Why are trailing spouses’ challenges such a big deal?

What are the real issues that expat partners have to deal with in relocation? What are the solutions that could help them? Should companies invest more in supporting them? What kind of studies exist on the topic? In this article, I will share with you some of the results of my research to answer these questions.

Extensive research and findings

Few months ago, when the concept of Tandem Nomads started building up in my thoughts, I needed to find some kind of validation that the mission I was willing to take made sense and was truly helpful to expat partners. Therefore, besides questioning expat partners around me, I spent hours researching online what exists in the field, what the real challenges and expressed needs are, what seems to work for expat partners, and what kind of support they generally lack to thrive in their nomadic lives. I was basically wondering if the expat partner journey was a big deal just for me and a few people around me, or is it a real international issue that found its source in the fast globalization of our world?


The more I searched for answers, the more I got fascinated by the discovery of so many blogs, social media communities and websites that provided insights, articles and emotional support to expat partners. All of them are mostly created by expat partner for expat partners.  However, here is what really caught my attention:

  • First of all, there are some real disagreements and debates on the vocabulary to use when addressing the situation of what I personally choose to call expat partners (or better: Tandem Nomads 😉 ). It was sometimes quite confusing and frustrating to make my research online. As there is no consensus on the vocabulary, it was difficult to know which keywords would give the most relevant results on Google or other search engines. Therefore, I had to try them all! From "trailing spouse, dependent spouse, accompanying spouse, expat spouse" to some funky ones such as "STUDS, STARS" and others. It is quite interesting to see how passionate this debate can be and how many approaches on this semantic issue exist. This is why I decided to dedicate the episode #6 of the podcast to this topic, (click to listen). As "trailing spouse" is the most common terminology used on specifically official studies, for the sake of this article, I will mainly use this term, although I am not a big fan of it.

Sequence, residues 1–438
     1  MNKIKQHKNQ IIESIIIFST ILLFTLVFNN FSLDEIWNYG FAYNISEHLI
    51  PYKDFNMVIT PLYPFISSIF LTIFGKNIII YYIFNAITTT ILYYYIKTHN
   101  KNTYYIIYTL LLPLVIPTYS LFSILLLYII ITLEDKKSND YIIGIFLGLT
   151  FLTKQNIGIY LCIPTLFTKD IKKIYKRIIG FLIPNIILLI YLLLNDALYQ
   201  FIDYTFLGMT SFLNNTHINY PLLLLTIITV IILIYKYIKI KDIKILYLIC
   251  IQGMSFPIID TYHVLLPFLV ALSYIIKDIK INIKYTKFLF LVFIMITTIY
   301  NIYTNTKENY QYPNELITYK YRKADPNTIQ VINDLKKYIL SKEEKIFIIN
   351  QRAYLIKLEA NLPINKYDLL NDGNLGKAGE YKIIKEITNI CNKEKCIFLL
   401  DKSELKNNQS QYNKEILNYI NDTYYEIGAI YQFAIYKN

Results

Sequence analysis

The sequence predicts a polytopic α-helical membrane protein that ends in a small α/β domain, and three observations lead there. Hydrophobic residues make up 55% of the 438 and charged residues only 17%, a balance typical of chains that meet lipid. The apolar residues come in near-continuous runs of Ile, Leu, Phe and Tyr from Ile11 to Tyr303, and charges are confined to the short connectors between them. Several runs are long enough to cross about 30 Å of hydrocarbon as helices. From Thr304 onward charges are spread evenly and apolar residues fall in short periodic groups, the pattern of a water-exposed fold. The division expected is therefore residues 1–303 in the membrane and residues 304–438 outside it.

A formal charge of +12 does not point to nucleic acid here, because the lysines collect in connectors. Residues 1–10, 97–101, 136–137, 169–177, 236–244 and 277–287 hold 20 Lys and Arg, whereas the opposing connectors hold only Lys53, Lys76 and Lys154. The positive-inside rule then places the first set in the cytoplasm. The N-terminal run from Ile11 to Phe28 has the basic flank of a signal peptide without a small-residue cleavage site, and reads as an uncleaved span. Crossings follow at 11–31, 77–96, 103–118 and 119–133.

• As I was looking for some statistics, studies, figures that could help me evaluate the size and the needs of this worldwide community, I realized that there are very limited available ressources. Also, most of them are based on surveys with a very small pool of participants or based on a very narrow geographical zone. In some cases, the "trailing spouse" challenges are often just a small part of a broader study on expatriation and companies' relocation strategies. In other cases, trailing spouses are simply not mentioned. As there is very little proper research available out there, you can imagine that most of them are also quite outdated. I share with you those surveys and reports that I did find interesting in the "Resources" section of the menu (click here).

Nevertheless, having read probably close to 100 articles or white papers and 15 to 20 extensive reports, two major things caught my attention:

  • The challenges that expat spouses face are more serious than we can imagine, and yet this population is very often ignored or even mocked for not being able to enjoy a life perceived as ideal by many. These difficulties can actually have a real economical impact for companies (there is for instance a report from Brookfield Global Relocation Services stating that 65% of failing expat assignments are attributed to spouse or partner dissatisfaction with the new location). More importantly, these challenges can have serious sociological and psychological repercussions on people's lives and lead to severe cases of depression or loss of identity. These are invisible major consequences of globalization that are very shyly addressed by the corporate world and the scene of social and psychological professional studies. 
abacus budget

There are unfortunately not enough quantitative data and research to help us build concrete solutions and evaluate the size of this growing population and the severity of its challenges in global relocation.